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Economy, Transportation

Chao Phraya river, Thai Airways, Ferries, road system, flights

Thailand has an extensive network of inland waterways, based on the Chao Phraya river and linking the agricultural heartland of central Thailand to Klong Toey Port in Bangkok. These waterways provided the major mode of transport until just a few decades ago and are still widely used to ship bulky products, such as rice and oil. Ferries on Bangkok’s extensive system of canals (khlongs) serve thousands of commuters every day.

Thailand’s railway system, established a century ago, consists of 4,044 km (2,513 mi) of track. It links Bangkok to the northern city of Chiang Mai as well as to the country’s western, northeastern, and southern extremities. The country has 64,600 km (40,100 mi) of roads and highways. Major improvements to the road system, begun in the 1970s, have brought all but the most remote communities within relatively easy reach of markets and services.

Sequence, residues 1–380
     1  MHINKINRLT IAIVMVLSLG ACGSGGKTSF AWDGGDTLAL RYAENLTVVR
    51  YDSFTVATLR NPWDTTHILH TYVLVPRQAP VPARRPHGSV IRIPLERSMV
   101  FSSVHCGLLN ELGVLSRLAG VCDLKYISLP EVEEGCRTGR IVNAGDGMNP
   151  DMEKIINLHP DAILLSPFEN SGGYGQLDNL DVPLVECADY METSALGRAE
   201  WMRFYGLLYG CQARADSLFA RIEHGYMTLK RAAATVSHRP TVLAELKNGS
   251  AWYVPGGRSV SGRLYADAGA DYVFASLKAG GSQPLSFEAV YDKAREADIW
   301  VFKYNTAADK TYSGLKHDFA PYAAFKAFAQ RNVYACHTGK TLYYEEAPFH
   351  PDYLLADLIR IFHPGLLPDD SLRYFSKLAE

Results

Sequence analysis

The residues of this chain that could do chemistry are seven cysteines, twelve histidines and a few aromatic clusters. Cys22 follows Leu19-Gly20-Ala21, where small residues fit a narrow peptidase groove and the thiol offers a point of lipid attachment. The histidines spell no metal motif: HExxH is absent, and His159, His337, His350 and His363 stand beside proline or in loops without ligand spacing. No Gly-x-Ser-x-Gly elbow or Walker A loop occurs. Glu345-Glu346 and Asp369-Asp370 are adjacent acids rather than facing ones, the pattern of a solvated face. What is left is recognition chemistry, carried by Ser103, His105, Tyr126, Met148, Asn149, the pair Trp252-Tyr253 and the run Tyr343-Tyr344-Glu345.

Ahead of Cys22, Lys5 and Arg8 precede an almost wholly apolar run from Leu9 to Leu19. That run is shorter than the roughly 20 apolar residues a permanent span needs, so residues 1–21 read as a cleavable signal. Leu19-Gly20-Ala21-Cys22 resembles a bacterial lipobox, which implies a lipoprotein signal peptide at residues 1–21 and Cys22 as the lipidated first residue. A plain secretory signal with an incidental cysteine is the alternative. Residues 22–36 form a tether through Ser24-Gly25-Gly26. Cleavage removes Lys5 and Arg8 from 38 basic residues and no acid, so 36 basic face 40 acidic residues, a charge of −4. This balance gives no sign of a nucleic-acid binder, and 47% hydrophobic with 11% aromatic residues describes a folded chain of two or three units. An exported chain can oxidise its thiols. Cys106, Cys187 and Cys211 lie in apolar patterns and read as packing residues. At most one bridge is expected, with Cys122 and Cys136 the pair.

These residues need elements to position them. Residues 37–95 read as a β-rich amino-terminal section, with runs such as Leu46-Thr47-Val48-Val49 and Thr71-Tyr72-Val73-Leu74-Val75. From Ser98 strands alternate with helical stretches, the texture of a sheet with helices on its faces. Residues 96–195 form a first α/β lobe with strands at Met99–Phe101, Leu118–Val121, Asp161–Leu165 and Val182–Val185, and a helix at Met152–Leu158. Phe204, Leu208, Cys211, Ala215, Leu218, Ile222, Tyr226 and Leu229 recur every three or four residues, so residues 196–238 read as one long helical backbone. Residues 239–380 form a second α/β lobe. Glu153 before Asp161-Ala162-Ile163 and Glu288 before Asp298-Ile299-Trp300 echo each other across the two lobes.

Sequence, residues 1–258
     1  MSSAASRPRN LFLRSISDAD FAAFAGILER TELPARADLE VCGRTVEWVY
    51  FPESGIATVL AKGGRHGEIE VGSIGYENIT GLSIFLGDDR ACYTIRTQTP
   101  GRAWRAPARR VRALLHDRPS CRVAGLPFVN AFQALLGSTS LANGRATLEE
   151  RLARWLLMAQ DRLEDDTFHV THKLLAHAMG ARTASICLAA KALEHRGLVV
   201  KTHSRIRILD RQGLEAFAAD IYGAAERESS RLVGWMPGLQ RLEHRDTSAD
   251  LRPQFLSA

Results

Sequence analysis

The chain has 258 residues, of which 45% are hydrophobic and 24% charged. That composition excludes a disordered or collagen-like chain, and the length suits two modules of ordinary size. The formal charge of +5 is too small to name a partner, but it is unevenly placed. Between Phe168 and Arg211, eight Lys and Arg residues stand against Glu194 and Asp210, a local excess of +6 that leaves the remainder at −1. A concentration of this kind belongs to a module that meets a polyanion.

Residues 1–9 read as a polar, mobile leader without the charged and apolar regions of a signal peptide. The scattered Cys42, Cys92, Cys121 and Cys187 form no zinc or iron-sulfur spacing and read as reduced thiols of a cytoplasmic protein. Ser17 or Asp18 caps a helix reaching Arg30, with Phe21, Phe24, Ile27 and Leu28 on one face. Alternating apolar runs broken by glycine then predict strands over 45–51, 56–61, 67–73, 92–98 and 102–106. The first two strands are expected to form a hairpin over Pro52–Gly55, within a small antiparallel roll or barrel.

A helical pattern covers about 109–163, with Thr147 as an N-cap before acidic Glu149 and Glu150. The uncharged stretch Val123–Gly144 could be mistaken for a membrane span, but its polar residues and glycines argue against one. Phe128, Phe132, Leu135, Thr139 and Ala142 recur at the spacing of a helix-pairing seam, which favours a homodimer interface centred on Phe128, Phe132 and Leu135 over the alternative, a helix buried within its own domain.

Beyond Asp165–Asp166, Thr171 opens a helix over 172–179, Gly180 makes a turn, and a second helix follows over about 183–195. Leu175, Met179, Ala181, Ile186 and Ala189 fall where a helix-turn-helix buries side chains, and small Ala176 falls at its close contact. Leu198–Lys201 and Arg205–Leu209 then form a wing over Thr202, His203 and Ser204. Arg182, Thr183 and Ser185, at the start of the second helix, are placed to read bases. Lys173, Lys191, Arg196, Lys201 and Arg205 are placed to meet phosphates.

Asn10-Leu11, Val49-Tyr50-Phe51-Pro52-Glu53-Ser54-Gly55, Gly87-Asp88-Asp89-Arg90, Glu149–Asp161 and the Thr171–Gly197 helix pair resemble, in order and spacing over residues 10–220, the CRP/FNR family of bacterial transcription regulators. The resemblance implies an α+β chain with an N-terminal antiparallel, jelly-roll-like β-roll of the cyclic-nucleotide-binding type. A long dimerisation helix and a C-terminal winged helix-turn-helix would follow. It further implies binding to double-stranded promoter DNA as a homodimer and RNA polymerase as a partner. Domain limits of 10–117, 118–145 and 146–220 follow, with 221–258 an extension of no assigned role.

Thailand’s largest airport is Don Muang International Airport in northern metropolitan Bangkok. Smaller domestic airports are located throughout the country. Thai Airways offers flights throughout the region.



Article key phrases:

Chao Phraya river, Thai Airways, Ferries, road system, flights, rice, highways, Bangkok, roads, century, oil, track, decades, day, region, services

 
 

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